How To Grow Tomatoes
Growing tomatoes can be an obsession.
Delightful to eat, really full of flavour and having a genuinely different more intense tomato taste than those bought in shops – growing tomatoes can be very rewarding. Unfortunately, they are also tricky to grow.
This knowledge heaps the pressure on a novice gardener attempting to grow tomatoes. The most common problem in growing tomatoes is blight. If you have the space than investing in a plastic greenhouse is my recommendation. If not, resort to disease resistance F1 varieties. I hope this guide on how to grow tomatoes will help too.
How To Grow Tomatoes – Varieties
Tomatoes can be divided into the following two main types:
- Bush tomatoes (determinate)
As the name suggests, these grow as a bush and do not need special pruning or support. Bush tomatoes include many cherry tomatoes and tumbling varieties suitable for growing in pots or hanging baskets.
- Cordon tomatoes (indeterminate)
These varieties generally produce standard size tomatoes as well as the larger beefsteak varieties. The cordon varieties need both supporting and careful pruning. The pruning regime is especially important to encourage the plant to invest its energy on a controlled number of ripe fruit, otherwise the short summers typical of the UK climate can leave a gardener staring at a large leaf covered plant covered in small green tomatoes – that never have time to ripen.
Tomatoes come in many different shapes, colours, and sizes. It is worth considering growing a few plants of varieties well know for performing well – such as F1 varieties or cherry tomatoes, to complement any experiments with more exotic types.
Growing Tomatoes From Seed
When is the best time to start growing tomatoes from seed? I like to start the germination process very early, in January or February on a warm window sill. My theory is that starting early means that I’ll have ripe tomatoes earlier and the harvest will be spread out over more weeks.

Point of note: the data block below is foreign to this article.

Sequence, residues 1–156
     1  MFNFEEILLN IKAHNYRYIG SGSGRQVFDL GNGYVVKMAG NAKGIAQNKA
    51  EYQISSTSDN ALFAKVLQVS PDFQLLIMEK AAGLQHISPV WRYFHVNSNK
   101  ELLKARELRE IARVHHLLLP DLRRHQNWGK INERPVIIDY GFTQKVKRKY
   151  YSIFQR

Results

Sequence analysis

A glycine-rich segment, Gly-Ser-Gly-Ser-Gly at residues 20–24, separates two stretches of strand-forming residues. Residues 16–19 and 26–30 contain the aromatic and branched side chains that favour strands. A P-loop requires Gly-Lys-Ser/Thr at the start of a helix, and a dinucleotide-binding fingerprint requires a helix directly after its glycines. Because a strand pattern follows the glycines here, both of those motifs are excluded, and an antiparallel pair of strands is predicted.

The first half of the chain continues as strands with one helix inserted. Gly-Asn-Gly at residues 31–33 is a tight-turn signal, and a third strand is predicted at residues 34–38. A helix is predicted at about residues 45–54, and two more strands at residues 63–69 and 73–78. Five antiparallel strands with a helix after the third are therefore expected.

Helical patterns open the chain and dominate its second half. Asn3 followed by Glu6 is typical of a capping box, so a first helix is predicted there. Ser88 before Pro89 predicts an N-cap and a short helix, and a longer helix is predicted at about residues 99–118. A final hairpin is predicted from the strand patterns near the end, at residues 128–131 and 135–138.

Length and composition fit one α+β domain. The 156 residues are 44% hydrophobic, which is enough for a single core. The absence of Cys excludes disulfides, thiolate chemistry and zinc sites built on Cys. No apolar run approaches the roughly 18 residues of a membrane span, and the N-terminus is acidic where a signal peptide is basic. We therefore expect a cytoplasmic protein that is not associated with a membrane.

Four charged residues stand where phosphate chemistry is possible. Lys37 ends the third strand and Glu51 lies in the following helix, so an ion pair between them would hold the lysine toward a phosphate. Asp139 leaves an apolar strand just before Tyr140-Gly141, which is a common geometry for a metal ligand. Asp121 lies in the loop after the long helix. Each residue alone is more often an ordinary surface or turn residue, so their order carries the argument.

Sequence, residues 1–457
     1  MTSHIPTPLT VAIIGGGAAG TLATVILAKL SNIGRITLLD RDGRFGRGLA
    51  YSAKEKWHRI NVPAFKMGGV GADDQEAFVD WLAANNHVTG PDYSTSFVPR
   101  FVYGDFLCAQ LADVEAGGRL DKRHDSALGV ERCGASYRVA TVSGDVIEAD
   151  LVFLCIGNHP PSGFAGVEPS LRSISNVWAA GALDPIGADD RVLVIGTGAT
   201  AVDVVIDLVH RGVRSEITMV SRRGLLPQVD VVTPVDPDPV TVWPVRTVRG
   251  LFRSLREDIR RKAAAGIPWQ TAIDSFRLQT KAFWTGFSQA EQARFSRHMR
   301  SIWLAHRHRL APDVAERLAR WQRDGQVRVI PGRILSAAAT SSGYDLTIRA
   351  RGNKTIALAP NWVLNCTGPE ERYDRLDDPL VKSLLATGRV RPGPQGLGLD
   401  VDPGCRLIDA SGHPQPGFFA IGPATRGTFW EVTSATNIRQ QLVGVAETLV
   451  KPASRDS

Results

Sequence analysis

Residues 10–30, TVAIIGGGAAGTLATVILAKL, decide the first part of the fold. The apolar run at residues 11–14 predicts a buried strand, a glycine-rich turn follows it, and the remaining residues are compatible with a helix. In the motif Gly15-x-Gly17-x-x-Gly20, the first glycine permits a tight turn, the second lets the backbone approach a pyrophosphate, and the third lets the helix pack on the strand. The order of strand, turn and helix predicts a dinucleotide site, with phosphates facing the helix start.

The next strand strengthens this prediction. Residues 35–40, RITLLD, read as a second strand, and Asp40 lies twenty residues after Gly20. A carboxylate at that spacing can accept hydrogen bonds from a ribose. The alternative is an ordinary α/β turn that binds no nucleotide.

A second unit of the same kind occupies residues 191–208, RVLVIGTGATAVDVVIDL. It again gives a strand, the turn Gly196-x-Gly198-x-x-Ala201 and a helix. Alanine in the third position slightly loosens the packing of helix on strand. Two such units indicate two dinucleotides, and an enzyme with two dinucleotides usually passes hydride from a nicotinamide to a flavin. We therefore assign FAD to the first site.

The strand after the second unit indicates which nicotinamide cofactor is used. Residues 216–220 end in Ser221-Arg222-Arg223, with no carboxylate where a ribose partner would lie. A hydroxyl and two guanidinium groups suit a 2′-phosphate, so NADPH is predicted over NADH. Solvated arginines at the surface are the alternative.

I use small plastic pots nearly full with multi-purpose compost. Then I water the pots to make sure that the soil is wet, and only after this do I sprinkle a few seeds on top of the soil (about 3 or 4). I deliberately wet the soil first before sowing the seed as this avoids the seeds either being dragged too deep by the water into the soil, or washed off the top of the pot.
The final two steps are to cover the seeds with a thin layer of perlite and wrap the pots with cling film. This avoids the need to water until the seeds have germinated. As soon as I see the first seedlings I remove the cling film.
I prefer not to buy tomato seedlings from garden centres as it ends up being expensive (compared to seeds) and I find they fruit later in the summer.
At this stage the seedlings are too small to pot on. I prefer to wait until the plants grow at least two tomato like leaves. This is a sign that each seedling has developed a good root structure, and although this sometimes makes it a little tricky to pull the roots apart of seedlings sharing a pot (using a pencil helps), overall I think waiting makes the potting on process more reliable and leads to healthier plants.